JACOBS: Oh, just at the very end. But that film... We learned of it years ago, and it was impossible to see it. It's an early Ramon Novarro sound film, like 1929, '30, with Myrna Loy. You may recognize her voice. A friend of our actually went, like, from New York to Pittsburgh because bizarrely, he discovered it was going to be on television in Pittsburgh, and he went down and taped the soundtrack. We never saw the film, but just knew it from the soundtrack, and walked around humming day and night. (Hums tune.) Then within days after Jack died, The Barbarian (1933), with Ramon Novarro, played on cable. So we got the whole film and the whole soundtrack from that; then I condensed it to this.

AUDIENCE MEMBER: Does your soundtrack combine the audio from the two Novarro films?

JACOBS: No, just this one Ramon Novarro film, The Barbarian, which must have brought on the code single-handedly. (Laughs) It's really hot stuff; amazing. But you see; this is Jack's fantasy. He was deep into this. Sadly, the things that he got to care for—that woman, what's her name, Jack's woman—Maria Montez. Those forties films are really domesticated—safe—versions of this. This was the hot stuff. This is picking up on The Sheik (1921), which is also about miscegenation. Hot. Rape. At some point in Jack's life, it really blew his mind, and that's where he stayed.

AUDIENCE MEMBER: How much of Jack do you have on audio tape?

JACOBS: How much of Jack?

AUDIENCE MEMBER: Do you have a lot?

JACOBS: Oh no, no. We borrowed the tape recorder—we didn't have a tape recorder, neither he nor I—from someone who became very well known afterwards. Rene [Riviera]—what was Rene's fabulous name?—Mario Montez. So Rene had this dinky tape recorder. Jack and I had not been working together for a while, but some money came through from Jonas Mekas, from somebody else with money, and it became possible to make to make final prints of Little Stabs at Happiness and Blonde Cobra. So when the money was available, I contacted Jack and we had this truce. In about two days' time, we did all the sounds for Blonde Cobra. I originally used this in Blonde Cobra, and realized it was just too much for the film. The film went out of proportion. It's hard to think of a concern with proportion with Blonde Cobra, but it was. So here it is, the first time it has gone public since I guess the first screening, like 1963, the first screening of Blonde Cobra.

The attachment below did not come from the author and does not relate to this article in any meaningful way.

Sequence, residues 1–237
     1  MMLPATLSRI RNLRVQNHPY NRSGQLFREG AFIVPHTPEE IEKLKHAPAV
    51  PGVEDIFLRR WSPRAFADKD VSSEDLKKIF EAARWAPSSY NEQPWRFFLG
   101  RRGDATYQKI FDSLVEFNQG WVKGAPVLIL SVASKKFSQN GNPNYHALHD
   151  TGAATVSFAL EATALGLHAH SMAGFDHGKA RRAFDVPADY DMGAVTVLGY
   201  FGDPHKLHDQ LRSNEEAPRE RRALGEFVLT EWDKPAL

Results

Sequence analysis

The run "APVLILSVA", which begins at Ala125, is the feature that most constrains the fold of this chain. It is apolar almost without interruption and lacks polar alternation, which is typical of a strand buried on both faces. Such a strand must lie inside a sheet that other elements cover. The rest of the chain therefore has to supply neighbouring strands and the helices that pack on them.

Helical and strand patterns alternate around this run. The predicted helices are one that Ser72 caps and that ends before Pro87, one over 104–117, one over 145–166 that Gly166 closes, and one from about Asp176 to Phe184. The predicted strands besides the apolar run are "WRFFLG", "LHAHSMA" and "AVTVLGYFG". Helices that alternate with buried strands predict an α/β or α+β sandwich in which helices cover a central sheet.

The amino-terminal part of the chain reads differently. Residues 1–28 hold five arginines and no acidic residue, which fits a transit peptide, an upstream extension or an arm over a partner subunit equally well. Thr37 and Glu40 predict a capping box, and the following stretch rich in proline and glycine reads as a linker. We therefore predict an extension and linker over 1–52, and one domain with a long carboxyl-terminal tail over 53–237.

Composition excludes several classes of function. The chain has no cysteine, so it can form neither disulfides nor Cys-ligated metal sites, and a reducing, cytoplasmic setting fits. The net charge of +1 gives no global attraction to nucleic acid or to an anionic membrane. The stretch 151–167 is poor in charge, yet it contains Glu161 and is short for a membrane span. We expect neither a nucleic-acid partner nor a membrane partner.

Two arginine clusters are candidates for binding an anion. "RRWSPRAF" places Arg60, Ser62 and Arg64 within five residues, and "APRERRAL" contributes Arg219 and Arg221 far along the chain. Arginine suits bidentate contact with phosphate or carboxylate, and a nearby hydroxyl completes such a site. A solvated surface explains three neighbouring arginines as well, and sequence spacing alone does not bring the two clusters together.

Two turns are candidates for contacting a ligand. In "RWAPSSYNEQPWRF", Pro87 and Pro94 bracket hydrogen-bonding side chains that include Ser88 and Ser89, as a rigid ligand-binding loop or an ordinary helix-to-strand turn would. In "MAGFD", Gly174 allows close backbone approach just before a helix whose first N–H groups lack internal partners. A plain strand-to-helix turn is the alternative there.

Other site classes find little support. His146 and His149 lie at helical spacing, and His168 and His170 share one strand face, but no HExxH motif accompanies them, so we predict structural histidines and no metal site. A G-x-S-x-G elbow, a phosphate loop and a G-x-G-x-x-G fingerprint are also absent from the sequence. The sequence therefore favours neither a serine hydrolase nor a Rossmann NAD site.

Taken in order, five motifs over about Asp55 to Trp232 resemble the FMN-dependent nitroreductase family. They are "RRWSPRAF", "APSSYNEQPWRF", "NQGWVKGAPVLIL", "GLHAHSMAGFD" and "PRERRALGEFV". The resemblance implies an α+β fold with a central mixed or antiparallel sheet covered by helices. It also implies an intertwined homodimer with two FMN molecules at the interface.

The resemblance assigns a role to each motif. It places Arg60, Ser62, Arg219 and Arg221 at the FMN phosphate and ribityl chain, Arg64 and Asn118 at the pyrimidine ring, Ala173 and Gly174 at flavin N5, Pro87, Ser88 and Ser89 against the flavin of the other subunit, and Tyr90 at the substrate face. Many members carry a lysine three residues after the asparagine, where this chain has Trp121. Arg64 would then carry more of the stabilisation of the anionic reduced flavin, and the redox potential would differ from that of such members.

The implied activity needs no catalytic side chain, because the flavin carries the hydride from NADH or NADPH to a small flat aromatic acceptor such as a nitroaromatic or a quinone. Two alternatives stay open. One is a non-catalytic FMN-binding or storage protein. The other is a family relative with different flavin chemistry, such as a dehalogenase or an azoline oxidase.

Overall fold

AUDIENCE MEMBER: Did you construct this piece in the wake of Jack's... [?]

JACOBS: Right; that's what the notes are about. In the notes, I'm not explaining the piece; I'm just saying something about these two people who died recently [Bob Fleischner and Jack Smith]. For the people that may not know Bob Fleischner, he was the rich American in the beginning of the film who blunders into this dangerous territory.

AUDIENCE MEMBER: What were the other pieces on the soundtrack?

JACOBS: The soundtrack is the Triumph of Aphrodite, by Carl Orff. It's the third section of this three-piece—which most people know by Carmina Burana, one of the sections. I'm pretty sure that's what it is. So it's the Triumph of Aphrodite. When Jack is advancing on the benches, I always thought to use Wagner for that. But this was more appropriate, and there was somebody almost as anti-Semitic. No, the guy's name is Schmitt, Florent Schmitt. This is, again, appropriate to Jack: it's the Tragedy of Salomé. I'm glad you asked: from the triumph of Aphrodite, we have the tragedy of Salomé. (Laughs) All these underground meanings that only the people who put these things together usually know.

AUDIENCE MEMBER: What happened to your relationship with Jack?

JACOBS: Well, one summer, in the summer of '61, as I usually do in summer, I tried to get a summer job and earn some money. I'd gone up to Lake George, and then I wasn't finding anything where I could save any money. I went, finally, all the way over to Boston to see friends, and earned some money washing the windows of this little museum they had. I then went over to Provincetown, because I just sort of had given up on earning money, so I went to Provincetown to be able to use my old painting teacher's studio. Hans Hofmann had a barn that he allowed people to use. Even though he was retired, he would come around and give spontaneous crits.

When I got there the first day, I had one dollar. I made a marvelous contact, to whom I've been married since 1961. Things looked very, very good—you know, my colleague... Things looked great, and so I sent Jack a postcard. "Living with two women. Come up, it's great. They've got the money." (Laughs) They were earning money doing portraits (or trying to), charcoal portraits in Provincetown. So Jack hitched up—I'm giving you too long a story, I'm afraid—Jack hitched up with this huge theatrical crate. What's it called? A huge wardrobe. He hitchhiked with this huge wardrobe box full of costumes, because I had my camera, and we were going to film.